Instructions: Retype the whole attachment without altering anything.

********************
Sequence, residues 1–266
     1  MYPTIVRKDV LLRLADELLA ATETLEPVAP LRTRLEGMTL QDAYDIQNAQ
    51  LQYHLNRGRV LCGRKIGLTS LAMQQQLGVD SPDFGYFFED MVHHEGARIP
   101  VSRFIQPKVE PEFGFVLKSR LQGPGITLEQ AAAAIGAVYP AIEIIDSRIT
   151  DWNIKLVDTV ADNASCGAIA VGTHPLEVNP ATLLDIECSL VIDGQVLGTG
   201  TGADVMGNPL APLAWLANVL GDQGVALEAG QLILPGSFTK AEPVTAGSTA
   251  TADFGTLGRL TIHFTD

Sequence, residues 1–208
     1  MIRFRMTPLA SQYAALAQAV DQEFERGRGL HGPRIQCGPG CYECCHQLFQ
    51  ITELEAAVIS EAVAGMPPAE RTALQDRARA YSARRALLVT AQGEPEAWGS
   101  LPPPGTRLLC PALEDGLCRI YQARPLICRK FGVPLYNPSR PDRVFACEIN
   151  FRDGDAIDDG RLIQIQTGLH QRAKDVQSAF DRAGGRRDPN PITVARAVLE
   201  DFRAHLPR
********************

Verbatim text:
Sequence, residues 1–266
     1  MYPTIVRKDV LLRLADELLA ATETLEPVAP LRTRLEGMTL QDAYDIQNAQ
    51  LQYHLNRGRV LCGRKIGLTS LAMQQQLGVD SPDFGYFFED MVHHEGARIP
   101  VSRFIQPKVE PEFGFVLKSR LQGPGITLEQ AAAAIGAVYP AIEIIDSRIT
   151  DWNIKLVDTV ADNASCGAIA VGTHPLEVNP ATLLDIECSL VIDGQVLGTG
   201  TGADVMGNPL APLAWLANVL GDQGVALEAG QLILPGSFTK AEPVTAGSTA
   251  TADFGTLGRL TIHFTD

Sequence, residues 1–208
     1  MIRFRMTPLA SQYAALAQAV DQEFERGRGL HGPRIQCGPG CYECCHQLFQ
    51  ITELEAAVIS EAVAGMPPAE RTALQDRARA YSARRALLVT AQGEPEAWGS
   101  LPPPGTRLLC PALEDGLCRI YQARPLICRK FGVPLYNPSR PDRVFACEIN
   151  FRDGDAIDDG RLIQIQTGLH QRAKDVQSAF DRAGGRRDPN PITVARAVLE
   201  DFRAHLPR